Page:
Study of the Psychological Development of Children of Parents With and Without Affective Disorders
This research study is the continuation of a study started more than 20 years ago. The study was designed to explore the effect that depressed parents have on their children and to better understand the factors that contribute to depression development and maintenance.
The study will continue to investigate if children have certain characteristics in early and middle childhood that predict the later development of psychological disorders.
In addition, the study will continue looking at the processes responsible for the development of children of parents with and without affective (mood) disorders.
|Official Title:||Affective Disorders and Affective Development: A Study of Child Rearing and Child Development in Normal Families and Families With Affective Disorders|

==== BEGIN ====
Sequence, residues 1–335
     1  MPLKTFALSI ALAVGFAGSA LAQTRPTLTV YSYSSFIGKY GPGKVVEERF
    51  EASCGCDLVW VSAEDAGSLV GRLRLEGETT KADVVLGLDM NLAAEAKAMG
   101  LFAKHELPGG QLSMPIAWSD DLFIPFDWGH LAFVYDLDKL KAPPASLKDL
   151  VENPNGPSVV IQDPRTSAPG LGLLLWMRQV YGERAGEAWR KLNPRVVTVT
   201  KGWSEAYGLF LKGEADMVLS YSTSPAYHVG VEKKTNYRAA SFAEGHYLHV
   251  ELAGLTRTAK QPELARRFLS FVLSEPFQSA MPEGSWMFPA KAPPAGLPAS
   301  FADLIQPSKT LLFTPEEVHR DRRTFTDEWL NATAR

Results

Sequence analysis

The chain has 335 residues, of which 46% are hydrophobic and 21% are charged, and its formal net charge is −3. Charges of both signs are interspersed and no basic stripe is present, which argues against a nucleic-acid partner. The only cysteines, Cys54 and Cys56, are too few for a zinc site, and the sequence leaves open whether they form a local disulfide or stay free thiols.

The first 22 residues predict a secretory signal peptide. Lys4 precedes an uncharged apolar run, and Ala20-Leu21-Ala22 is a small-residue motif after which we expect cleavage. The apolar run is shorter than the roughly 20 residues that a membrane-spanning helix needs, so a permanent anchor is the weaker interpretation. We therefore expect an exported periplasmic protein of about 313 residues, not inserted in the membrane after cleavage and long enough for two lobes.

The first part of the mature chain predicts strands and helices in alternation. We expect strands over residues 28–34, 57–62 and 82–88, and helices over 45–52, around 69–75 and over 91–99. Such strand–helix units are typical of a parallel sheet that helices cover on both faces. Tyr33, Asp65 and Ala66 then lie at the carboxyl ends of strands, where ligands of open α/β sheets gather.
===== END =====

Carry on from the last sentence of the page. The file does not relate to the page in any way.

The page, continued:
|Study Start Date:||October 1979|
|Estimated Study Completion Date:||February 2005|
The psychological development of offspring of parents with and without affective disorder is assessed from early childhood to young adulthood. Parents with a diagnosis of major depression or bipolar illness and well parents and their children are studied (SADS-L, RDC, and SCID, DSM-III). A sibling pair is studied in each family. Parent-child interaction is investigated through direct observation of behavior in naturalistic and controlled settings. Family history information is obtained through parent interviews. Behavioral observations, standard tests, physical examinations, and psychiatric interviews, and MRI procedures provide multiple assessments of the offspring. The study has been completed through preadolescence, adolescence, and late adolescence. Follow-up in young adulthood continues.
|United States, Maryland|
|National Institute of Mental Health (NIMH)|
|Bethesda, Maryland, United States, 20892|